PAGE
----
Event Abstract

Mixed clinical results following multimodal treatment of a hockey coach with chronic, progressive post-concussion syndrome

  • 1 Innova Brain Rehabilitation, United States
  • 2 Life University; College of Chiropractic, United States

Background: A 40-year-old male hockey coach presented to a chiropractic neurology clinic with right-sided headaches, mental fogginess, anxiety, slowness with thinking, and a general lack of motivation. He also complained of blurred vision and hyperacusis. He described tightness in his right leg and generalized pain on the right side of his body. The patient had a history of six concussions from playing hockey with symptoms progressing gradually over the past 12 years. Methods: Postural findings utilizing Computerized Dynamic Posturography (CDP) revealed widespread instability with eyes open and closed in multiple head positions including right and left rotation, as well as flexion and extension. When placed on a perturbed surface with the eyes closed and the head in an extended position he had a low stability score of 54.7%. Videonystagmography (VNG) was employed to quantitatively measure eye movements. A finding of hippus was observed in all directions of fixed gaze as well as in horizontal pursuits and upward and downward saccades. Saccades were found to be hypometric. Optokinetic (OPK) testing revealed low amplitude movements with protracted slow phases with leftward, rightward and downward stimulation. Examination of the patient’s gait showed a decreased right arm swing with freezes on dual tasking. Sensory findings included pinwheel and light touch hypoesthesia at multiple dermatomes, and hyperesthesia to vibration at the patient’s left knee. The initial working diagnosis was post concussive syndrome (PCS). A five-day treatment plan was implemented which focused on neuromuscular re-education and vestibular rehabilitation, including gaze stabilization and cortical exercises targeted at stimulating deficient neural networks. Results: Upon completion of five days of multiple rounds of treatment, his CDP improved overall and his most unstable position of eyes closed, perturbed surface, head extended improved to a stability score of 74.6%. Eye movements assessed by the VNG found that the patient’s gaze holding, pursuits, and saccades became normalized in all directions without hippus or hypometria. Also, the OPK reflex had improved amplitude in all directions of stimulation. His subjective findings, such as headaches, showed mild improvement in intensity and duration; however, there was no improvement in his mental fogginess or anxiety levels. The patient was discharged with a home therapy program targeting the same neural networks with recommendation of biweekly follow-up e-mails to track results. Conclusion: Short-term clinical treatment resulted in positive objective outcomes with moderate subjective improvement. Further research into the long-term brain-based treatment of PCS is recommended to better understand the presence of a potential subjective and objective correlation for this case.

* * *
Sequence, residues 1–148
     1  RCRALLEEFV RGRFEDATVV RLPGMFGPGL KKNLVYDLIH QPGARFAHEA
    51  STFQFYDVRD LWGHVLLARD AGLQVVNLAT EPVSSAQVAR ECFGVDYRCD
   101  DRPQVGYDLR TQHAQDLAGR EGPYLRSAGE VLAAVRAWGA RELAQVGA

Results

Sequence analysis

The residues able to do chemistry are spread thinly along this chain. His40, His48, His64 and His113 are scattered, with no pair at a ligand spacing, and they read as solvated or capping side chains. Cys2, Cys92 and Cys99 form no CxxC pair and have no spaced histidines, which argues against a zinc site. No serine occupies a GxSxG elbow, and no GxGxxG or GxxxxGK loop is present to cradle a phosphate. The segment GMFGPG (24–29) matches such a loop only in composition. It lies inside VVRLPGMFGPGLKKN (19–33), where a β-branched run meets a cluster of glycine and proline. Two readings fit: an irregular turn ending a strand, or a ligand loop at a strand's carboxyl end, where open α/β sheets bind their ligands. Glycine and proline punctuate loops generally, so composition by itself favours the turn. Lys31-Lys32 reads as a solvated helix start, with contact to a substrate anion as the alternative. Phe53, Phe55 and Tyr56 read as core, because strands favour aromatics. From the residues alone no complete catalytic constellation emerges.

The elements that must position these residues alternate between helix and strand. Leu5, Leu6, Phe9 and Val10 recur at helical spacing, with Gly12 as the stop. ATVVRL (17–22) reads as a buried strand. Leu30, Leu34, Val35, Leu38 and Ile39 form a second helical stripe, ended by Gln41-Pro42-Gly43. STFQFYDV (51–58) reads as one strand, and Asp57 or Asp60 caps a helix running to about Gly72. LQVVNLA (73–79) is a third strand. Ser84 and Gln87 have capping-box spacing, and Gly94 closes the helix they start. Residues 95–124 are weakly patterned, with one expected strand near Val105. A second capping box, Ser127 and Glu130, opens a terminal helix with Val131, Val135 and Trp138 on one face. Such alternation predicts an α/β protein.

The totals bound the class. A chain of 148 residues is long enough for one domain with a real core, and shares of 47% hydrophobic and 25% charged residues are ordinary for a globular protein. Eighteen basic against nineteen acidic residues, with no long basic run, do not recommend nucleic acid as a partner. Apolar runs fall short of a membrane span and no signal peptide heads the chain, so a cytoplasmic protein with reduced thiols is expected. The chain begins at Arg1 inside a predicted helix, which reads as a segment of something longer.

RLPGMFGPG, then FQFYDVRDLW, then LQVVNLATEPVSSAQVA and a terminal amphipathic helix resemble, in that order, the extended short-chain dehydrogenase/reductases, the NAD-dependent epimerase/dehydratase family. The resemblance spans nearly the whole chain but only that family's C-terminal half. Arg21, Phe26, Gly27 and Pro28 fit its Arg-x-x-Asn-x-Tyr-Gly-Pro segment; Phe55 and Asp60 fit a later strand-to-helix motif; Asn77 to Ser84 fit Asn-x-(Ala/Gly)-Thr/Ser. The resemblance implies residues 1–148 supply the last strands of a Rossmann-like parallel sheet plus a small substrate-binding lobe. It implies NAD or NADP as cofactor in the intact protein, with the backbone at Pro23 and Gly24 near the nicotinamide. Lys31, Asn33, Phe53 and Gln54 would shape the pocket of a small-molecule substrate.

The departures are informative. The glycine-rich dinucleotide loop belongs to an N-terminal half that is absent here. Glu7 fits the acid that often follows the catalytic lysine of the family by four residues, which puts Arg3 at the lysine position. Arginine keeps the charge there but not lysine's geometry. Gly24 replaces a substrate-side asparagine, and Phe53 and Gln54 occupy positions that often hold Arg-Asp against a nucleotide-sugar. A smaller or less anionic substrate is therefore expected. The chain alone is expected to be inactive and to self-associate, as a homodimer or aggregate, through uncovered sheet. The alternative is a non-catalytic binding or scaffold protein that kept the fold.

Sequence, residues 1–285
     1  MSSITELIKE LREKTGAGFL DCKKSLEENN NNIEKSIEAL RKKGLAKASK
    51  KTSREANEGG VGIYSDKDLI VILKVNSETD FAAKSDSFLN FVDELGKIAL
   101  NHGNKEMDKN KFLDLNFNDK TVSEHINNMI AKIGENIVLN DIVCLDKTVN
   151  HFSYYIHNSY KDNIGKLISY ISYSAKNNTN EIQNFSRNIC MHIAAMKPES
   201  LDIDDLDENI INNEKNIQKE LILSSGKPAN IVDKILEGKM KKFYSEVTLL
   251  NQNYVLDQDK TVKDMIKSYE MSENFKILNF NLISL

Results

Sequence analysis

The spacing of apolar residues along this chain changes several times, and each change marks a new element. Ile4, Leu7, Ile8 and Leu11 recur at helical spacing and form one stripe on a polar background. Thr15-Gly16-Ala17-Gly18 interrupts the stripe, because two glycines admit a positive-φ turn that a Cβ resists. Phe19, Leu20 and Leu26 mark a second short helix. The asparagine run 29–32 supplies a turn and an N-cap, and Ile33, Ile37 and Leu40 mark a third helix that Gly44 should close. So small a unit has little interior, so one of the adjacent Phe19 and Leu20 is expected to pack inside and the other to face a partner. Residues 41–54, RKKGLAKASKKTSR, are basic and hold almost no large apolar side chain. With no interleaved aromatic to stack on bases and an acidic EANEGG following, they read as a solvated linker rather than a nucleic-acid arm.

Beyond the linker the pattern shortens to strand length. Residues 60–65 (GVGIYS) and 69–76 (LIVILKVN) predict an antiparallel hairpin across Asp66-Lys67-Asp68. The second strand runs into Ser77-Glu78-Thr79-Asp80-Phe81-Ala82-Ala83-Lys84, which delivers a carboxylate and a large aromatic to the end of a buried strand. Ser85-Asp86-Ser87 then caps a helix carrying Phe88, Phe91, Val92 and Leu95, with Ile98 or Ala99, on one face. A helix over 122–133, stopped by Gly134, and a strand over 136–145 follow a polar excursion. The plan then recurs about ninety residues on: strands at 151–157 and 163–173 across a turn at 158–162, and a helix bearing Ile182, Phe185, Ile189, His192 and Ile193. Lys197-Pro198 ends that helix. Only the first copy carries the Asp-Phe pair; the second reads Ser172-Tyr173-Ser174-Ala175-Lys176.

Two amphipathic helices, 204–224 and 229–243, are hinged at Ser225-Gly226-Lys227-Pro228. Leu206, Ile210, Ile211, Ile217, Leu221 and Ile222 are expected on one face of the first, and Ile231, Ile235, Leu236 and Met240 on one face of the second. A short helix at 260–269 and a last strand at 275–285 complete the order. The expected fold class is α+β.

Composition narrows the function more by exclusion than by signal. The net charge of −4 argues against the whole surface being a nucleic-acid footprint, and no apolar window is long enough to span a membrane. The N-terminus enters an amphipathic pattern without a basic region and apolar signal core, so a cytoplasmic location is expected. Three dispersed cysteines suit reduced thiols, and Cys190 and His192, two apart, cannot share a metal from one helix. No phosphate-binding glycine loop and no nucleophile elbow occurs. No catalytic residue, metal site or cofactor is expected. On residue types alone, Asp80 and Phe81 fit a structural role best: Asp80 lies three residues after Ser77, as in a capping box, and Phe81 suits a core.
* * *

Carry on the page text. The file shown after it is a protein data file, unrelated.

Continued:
Keywords: Post concussion syndrome, Chiropractic, Anxiety, Headache, male, Humans, Traumatic Brain Injury

Conference: International Symposium on Clinical Neuroscience: Clinical Neuroscience for Optimization of Human Function, Orlando, United States, 7 Oct - 9 Oct, 2016.

Presentation Type: Poster Presentation

Topic: Abstracts ISCN 2016

Citation: Keiser ND, Coppus J and Mullin Elkins L (2016). Mixed clinical results following multimodal treatment of a hockey coach with chronic, progressive post-concussion syndrome. Front. Neurol. Conference Abstract: International Symposium on Clinical Neuroscience: Clinical Neuroscience for Optimization of Human Function. doi: 10.3389/conf.fneur.2016.59.00033

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Received: 29 Aug 2016; Published Online: 07 Sep 2016.

* Correspondence: Dr. Linda Mullin Elkins, Life University; College of Chiropractic, Marietta, GA, 30060, United States, mullin@life.edu